My dad is from the Eastern Province so you would, if you followed a stereotype think that he would be spending his retirement locking me up in my room till he found enough cows to barter me off to some unfortunate man so that we can have a million children… but being the great dad he is, he along with my amazing mom, brought me up to make my own decisions in life and that as a woman in this great country we live in, that I have more choices than most of my Muslim counterparts have in other conservative parts of the Muslim world. That is a gift that I am grateful for every day of my life.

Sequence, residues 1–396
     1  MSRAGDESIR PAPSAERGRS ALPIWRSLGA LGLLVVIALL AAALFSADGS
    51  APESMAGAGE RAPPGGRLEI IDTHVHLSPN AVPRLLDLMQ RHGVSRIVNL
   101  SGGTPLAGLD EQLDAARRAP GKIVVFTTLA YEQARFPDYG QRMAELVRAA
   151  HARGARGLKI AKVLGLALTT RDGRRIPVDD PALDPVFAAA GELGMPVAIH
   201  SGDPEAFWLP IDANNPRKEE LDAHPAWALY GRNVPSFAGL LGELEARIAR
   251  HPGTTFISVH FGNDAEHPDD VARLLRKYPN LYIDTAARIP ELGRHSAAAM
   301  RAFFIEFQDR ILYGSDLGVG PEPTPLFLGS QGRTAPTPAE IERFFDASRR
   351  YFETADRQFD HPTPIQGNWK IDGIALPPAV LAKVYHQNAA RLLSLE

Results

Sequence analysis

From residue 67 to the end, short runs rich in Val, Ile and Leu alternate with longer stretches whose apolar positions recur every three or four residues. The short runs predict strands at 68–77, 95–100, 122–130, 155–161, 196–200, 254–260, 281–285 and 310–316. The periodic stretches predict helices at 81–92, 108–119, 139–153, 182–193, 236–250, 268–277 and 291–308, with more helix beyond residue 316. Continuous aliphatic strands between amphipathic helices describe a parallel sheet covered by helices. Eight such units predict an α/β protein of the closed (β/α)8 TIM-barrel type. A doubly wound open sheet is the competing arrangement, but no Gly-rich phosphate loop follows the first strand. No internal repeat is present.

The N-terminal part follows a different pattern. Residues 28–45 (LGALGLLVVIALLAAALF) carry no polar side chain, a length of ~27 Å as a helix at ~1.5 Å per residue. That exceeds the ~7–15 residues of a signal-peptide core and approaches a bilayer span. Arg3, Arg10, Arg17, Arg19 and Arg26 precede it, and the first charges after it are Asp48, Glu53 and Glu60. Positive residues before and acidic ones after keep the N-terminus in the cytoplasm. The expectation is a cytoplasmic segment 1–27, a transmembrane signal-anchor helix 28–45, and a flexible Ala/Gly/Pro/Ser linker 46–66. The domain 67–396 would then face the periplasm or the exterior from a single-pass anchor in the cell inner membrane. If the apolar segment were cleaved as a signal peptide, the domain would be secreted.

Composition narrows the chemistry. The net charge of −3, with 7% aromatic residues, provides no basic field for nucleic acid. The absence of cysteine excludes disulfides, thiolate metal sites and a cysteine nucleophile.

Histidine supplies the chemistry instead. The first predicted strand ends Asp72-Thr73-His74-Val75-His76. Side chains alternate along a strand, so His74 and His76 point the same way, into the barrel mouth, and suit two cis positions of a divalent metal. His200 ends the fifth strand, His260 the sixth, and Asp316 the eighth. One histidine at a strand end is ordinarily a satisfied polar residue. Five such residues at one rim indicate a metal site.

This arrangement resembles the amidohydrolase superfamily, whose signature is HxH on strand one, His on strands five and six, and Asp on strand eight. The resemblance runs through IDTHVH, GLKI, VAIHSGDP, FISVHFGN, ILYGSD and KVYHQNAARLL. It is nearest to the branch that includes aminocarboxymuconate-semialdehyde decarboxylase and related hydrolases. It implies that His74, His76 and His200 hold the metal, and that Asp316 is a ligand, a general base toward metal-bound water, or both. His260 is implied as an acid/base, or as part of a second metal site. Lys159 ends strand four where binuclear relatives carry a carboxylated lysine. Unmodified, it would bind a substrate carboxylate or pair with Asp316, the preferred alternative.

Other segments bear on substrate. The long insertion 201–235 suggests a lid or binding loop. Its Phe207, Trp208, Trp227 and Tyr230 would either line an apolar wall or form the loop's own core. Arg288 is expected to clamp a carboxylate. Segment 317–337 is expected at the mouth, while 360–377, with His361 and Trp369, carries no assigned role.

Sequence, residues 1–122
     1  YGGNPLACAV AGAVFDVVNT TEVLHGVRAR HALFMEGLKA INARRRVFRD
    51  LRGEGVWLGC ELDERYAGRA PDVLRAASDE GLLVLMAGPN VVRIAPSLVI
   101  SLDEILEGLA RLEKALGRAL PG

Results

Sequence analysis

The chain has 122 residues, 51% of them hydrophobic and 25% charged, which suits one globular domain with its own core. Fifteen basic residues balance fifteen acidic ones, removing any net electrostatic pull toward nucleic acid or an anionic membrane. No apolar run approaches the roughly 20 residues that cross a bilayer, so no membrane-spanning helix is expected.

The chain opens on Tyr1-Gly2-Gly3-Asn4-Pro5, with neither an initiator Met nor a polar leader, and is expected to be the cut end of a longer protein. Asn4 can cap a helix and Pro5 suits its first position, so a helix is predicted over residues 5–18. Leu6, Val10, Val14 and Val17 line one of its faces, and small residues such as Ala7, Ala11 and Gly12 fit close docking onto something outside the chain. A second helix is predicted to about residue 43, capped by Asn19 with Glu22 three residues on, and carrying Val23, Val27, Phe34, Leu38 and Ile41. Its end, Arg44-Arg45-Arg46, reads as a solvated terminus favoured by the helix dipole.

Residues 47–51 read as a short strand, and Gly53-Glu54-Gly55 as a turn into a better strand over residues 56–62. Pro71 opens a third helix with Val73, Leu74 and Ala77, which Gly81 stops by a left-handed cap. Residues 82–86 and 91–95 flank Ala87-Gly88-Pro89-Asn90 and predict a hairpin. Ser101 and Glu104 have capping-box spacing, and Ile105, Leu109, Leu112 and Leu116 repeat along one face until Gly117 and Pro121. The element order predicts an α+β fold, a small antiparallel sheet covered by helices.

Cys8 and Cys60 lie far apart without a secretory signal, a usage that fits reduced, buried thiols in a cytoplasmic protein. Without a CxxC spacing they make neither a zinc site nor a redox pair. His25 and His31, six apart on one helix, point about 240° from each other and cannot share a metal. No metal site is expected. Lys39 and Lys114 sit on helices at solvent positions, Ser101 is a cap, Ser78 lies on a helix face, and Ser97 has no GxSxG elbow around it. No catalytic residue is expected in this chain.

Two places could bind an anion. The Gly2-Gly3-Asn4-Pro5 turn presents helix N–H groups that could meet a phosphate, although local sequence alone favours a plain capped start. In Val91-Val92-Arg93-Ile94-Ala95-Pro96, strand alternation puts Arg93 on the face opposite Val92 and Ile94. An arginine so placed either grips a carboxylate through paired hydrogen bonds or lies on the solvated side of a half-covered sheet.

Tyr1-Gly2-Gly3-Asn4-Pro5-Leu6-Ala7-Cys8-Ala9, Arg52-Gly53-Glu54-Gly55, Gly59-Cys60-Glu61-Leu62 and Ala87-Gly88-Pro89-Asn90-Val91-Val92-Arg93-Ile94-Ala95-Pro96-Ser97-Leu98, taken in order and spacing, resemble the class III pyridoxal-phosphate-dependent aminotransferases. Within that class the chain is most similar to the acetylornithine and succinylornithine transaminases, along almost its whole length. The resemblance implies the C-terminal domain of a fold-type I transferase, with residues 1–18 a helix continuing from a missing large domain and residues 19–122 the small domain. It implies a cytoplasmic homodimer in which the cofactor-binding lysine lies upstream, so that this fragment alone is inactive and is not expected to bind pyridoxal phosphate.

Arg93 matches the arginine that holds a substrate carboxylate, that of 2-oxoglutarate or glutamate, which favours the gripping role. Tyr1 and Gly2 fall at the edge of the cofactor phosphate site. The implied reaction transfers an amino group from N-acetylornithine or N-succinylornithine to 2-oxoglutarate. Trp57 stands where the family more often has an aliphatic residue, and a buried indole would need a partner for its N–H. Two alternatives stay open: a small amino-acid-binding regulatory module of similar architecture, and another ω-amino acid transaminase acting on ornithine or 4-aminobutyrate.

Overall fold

It really is unfair to generalize anyone under a label because more often than not, that label does not fit. There are extremists representing all religions that are out there to propagate their beliefs…and if you are foolish enough to fall for that, then good luck to you. But be open minded, go out there and meet people from all religions that live here before you judge them and put them in a box. Not all Muslims are bad, but not all Muslims are good either…that rule is applicable to all religions. Not all Muslims cover their heads and grow beards, the one’s that do are not stupid…in fact some of the wisest women I know have found the perfect balance,  some of us love dogs, some of us wouldn’t touch beef if it were the last thing on earth…my point is all of us are different individually!